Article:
Building and home efficiency is a key advertising feature when courting realtors, buyers, and renters. However, without standardization of what qualifies as ‘green’, it may be difficult to ascertain what buildings are truly built with green intentions. In developing the Leadership in Energy and Environmental Design (LEED) green building certification system, the US Green Building Council set standards to identify those pushing the efficiency envelope. LEED sets building standards, such that new construction and renovations may be awarded for their energy conservation and optimization through various ‘green’ credentials. In today’s Green Friday post, we will explore what makes a LEED-certified building, what incentivizes builders and owners to pursue LEED certifications, and how LEED-certified buildings can positively affect your community.
Since 1998 LEED standards have guided global construction and building design, evolving over the years to oversee 5 categories of development: new construction, core and shell (basic bones of a building before final development of the interior), school building, retail (including renovations), and healthcare building construction. Additional categories covering interior design, operations and maintenance, neighborhood development, and home design (integration of which varies on the kind of structure being built) feed into the final calculation of a project’s LEED certification level.
Ranging from ‘LEED Certified’ through Silver, Gold, and Platinum levels, buildings and homes earn points based on metrics such as their water efficiency, energy use and effect on air quality, use of renewable and sustainable materials in construction and design, interior environmental quality (think air quality and use of non-toxic resources), and impact on the surrounding location during and after construction. As such, these buildings not only promote having a smaller environmental footprint, some even boasting carbon-neutral statuses, but significantly reduce long-term operating costs. However, it is important to consider that though the long-term energy use forecast for a building is critical for its attraction to users, construction to such standards can come at a premium to builders.
To offset the increased total project cost of new construction and major renovations abiding by stricter environmental quality guidelines, there exist incentives in the form of rebates and tax exemptions on the use of sustainable and low-energy materials. This helps ensure that projects can still meet their financial obligations while paying forward cost savings. Further, for companies contracting LEED-certified projects, those meeting LEED benchmarks for construction can obtain certifications in the form of the LEED Professional Credential. Such accreditations aid companies in marketing themselves as living up to the highest standards of green building technologies and having the most current knowledge for leading sustainable structure construction and building renovation.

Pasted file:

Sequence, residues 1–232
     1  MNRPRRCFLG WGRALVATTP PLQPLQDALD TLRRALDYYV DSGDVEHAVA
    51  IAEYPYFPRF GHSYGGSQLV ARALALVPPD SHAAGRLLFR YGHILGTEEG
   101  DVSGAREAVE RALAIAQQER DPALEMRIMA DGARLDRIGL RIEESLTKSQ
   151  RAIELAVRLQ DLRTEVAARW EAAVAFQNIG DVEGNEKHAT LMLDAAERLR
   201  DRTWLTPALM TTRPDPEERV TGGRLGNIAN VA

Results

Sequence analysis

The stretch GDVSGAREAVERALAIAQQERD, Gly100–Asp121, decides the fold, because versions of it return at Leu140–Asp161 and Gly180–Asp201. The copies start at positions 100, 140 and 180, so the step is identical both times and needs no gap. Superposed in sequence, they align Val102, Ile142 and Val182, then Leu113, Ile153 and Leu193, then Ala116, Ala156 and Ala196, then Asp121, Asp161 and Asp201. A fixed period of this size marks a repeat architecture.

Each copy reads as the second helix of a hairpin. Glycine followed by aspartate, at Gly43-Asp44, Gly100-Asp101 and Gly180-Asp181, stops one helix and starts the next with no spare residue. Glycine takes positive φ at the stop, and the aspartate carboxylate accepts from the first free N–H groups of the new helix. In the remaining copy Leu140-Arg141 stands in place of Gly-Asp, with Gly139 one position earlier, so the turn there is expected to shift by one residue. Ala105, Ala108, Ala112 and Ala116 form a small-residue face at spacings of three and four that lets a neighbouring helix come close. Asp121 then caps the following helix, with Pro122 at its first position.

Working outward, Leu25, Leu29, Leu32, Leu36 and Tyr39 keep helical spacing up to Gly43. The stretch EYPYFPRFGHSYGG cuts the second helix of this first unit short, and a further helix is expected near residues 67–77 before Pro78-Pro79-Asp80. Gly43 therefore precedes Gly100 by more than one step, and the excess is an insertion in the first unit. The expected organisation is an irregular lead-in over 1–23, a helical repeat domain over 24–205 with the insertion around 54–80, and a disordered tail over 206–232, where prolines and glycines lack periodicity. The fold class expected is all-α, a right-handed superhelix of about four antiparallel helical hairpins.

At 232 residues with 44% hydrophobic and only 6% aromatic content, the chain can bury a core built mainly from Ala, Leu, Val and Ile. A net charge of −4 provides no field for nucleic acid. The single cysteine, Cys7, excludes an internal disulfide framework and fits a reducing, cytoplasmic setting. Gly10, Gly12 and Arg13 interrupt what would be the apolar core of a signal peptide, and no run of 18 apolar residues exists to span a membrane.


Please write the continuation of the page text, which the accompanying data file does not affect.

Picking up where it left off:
For consumers, the benefits of being in a more efficient place in which to conduct business and live shines through by reducing their own energy and water bills. However, due to interior environment quality factoring into LEED certifications, LEED-certified buildings also promise to promote and sustain a healthier interior environment, positively impacting worker and resident health in the long-term. Further, due to the point system considering access to transportation and open spaces, those looking to move into or work in LEED buildings can also enjoy more travel options and outdoor recreation/green spaces integrated into or directly adjacent to structures. LEED buildings also tend to have higher resale values and faster leasing rates than comparable non-LEED structures, passing additional financial benefits to consumers.
Though this edition of Green Friday was only a quick overview of the LEED certification system, there is much more to read on this topic. To find out more about LEED, its history, and evolution jump through to the US Green Building Council’s site by clicking this link. For more ways to Live Green in SD and information about sustainability initiatives, make sure to check-in weekly!